Butler Co. judge orders doctors to treat COVID-19 patient with Ivermectin

ivermectin sign
Posted at 9:07 AM, Aug 30, 2021
and last updated 2021-08-31 09:45:14-04

A Butler County Common Pleas judge is ordering doctors at West Chester Hospital to treat a COVID-19 patient with Ivermectin, a drug commonly used as a livestock dewormer.

Judge Gregory Howard wrote that doctors treating 51-year-old Jeffery Smith "shall immediately administer Ivermectin" to Smith, according to court documents. Smith will receive 30mg of the drug for three weeks.

The case was brought to court by Smith's wife and guardian, Julie, after Smith was hospitalized with COVID-19 and placed on a ventilator in West Chester Hospital.

After Smith was on the ventilator for 19 days, Julie reached out to Dr. Fred Wagshul about Ivermectin usage to treat COVID-19, according to court documents. Wagshul prescribed 30mg of Ivermectin to Smith, but the hospital staff refused to administer this prescription.

Ivermectin has grown in popularity as a treatment for COVID-19 despite the Food and Drug Administration warning against taking the drug.

"Taking large doses of this drug is dangerous and can cause serious harm," the FDA wrote.

The FDA has approved the drug to be used in patients with intestinal strongyloidiasis and onchocerciasis, two conditions caused by parasitic worms, as well as head lice. However, the administration has not approved the drug as a treatment for COVID-19, a viral disease.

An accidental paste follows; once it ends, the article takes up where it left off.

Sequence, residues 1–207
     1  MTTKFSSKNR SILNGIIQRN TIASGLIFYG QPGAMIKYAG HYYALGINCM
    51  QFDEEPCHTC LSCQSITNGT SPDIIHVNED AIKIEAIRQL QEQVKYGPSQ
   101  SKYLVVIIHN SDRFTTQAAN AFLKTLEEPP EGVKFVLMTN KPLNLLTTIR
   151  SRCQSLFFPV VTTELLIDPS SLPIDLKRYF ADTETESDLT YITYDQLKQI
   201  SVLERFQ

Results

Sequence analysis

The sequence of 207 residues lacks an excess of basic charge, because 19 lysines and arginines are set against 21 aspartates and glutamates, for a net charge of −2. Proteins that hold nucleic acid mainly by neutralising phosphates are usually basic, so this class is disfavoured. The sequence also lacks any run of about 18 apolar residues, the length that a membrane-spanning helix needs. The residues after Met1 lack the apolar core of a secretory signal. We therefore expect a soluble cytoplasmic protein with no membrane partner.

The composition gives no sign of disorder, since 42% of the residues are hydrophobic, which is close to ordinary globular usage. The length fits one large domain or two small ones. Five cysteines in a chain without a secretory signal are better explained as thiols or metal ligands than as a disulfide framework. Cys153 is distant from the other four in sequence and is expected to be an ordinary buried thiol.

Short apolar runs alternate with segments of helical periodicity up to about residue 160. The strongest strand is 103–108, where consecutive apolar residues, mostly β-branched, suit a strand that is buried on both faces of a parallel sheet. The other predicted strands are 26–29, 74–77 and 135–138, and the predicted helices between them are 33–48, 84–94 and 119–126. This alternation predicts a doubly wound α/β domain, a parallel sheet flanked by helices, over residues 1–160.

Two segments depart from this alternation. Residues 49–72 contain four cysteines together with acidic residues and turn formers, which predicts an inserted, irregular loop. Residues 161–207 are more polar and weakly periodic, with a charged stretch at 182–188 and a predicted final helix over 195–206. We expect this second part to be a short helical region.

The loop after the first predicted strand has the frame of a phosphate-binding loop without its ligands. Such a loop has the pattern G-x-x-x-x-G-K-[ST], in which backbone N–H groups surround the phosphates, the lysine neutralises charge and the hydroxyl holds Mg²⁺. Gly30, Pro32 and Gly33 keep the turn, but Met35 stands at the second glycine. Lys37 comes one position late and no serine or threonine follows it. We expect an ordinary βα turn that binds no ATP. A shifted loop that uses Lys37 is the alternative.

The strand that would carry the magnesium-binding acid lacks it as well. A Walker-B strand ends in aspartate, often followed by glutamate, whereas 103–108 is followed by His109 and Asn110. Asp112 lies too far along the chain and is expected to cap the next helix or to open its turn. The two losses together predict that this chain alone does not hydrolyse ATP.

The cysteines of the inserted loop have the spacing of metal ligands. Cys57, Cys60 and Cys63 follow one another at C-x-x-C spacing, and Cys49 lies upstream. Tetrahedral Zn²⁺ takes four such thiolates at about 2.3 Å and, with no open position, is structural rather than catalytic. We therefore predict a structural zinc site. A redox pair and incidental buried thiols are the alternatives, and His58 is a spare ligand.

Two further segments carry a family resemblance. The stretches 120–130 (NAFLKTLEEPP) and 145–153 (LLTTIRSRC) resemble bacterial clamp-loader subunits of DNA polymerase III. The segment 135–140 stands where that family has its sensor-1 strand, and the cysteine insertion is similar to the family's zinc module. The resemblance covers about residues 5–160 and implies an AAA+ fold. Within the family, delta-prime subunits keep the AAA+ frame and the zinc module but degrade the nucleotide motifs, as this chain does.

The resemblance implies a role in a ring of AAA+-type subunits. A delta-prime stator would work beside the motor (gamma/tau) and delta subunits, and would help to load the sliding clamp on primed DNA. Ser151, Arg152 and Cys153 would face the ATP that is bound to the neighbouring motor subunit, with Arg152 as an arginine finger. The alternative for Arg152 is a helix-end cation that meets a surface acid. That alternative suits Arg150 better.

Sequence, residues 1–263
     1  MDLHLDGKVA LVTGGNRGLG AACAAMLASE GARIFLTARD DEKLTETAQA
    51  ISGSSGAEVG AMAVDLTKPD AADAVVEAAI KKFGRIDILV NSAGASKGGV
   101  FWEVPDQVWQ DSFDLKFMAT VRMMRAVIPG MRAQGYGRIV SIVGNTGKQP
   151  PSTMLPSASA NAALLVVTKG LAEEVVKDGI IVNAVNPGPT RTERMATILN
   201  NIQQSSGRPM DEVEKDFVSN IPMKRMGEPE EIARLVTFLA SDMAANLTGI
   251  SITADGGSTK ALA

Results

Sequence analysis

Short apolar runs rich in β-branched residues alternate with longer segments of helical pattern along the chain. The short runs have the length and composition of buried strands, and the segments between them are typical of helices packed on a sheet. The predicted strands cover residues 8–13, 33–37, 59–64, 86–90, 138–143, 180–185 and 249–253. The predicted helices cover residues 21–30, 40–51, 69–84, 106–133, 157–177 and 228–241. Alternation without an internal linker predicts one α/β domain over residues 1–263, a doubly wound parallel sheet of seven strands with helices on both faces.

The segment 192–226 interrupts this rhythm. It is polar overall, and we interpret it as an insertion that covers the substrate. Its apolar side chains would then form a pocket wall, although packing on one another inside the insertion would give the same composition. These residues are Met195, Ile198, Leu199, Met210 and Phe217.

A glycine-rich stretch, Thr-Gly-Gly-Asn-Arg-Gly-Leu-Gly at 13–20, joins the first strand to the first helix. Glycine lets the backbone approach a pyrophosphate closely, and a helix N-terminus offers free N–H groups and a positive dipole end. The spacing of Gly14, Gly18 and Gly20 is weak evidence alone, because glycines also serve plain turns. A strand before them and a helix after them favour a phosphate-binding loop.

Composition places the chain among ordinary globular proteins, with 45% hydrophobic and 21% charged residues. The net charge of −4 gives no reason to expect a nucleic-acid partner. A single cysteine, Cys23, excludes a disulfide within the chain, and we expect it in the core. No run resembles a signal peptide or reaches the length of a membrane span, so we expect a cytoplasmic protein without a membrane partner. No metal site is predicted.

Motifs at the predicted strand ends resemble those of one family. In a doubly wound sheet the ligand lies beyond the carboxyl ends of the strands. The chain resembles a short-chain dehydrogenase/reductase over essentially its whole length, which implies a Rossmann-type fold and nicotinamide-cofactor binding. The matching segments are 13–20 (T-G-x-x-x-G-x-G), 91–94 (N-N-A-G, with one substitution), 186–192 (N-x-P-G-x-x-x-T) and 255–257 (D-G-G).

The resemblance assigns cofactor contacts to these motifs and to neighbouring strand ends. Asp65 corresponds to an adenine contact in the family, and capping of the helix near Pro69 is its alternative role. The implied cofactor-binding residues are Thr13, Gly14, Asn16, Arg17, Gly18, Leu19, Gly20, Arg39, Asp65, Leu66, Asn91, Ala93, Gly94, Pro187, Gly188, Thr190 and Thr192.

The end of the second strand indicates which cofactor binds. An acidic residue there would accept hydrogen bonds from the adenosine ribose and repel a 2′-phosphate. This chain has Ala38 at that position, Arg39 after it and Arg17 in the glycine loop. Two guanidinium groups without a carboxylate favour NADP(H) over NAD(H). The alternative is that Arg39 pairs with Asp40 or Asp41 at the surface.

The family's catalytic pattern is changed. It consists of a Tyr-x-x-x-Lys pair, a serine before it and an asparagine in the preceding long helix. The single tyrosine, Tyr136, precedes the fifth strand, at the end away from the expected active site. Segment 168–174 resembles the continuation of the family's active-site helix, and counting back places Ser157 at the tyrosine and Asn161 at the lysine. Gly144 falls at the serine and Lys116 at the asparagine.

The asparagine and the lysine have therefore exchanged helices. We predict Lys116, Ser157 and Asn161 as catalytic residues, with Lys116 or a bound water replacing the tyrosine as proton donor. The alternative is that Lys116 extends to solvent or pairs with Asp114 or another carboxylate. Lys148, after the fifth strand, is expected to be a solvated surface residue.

"Animal drugs are often highly concentrated because they are used for large animals like horses and cows, which can weigh a lot more than we do—a ton or more," the FDA wrote. "Such high doses can be highly toxic in humans."

Barrett Brunsman with Cincinnati Children's Hospital said the Cincinnati Drug and Poison Information Center at the hospital has received about five phone calls since April related to COVID-19 and Ivermectin.

Dr. Steve Feagins, chief clinical officer with Mercy Health, called the decision to prescribe Ivermectin in COVID cases "a tough risk-to-benefit ratio."

"Anything we give in a hospital, you have to know that that has been pharmacy-vetted, approved, is the benefit exceeds the harm," Feagins told WCPO. "But I could tell you, if something works and is approved and authorized, we will do it.

"I absolutely understand desperation when your loved one is in the hospital, and they're doing everything they can and you hear about something that you want to use it," he said.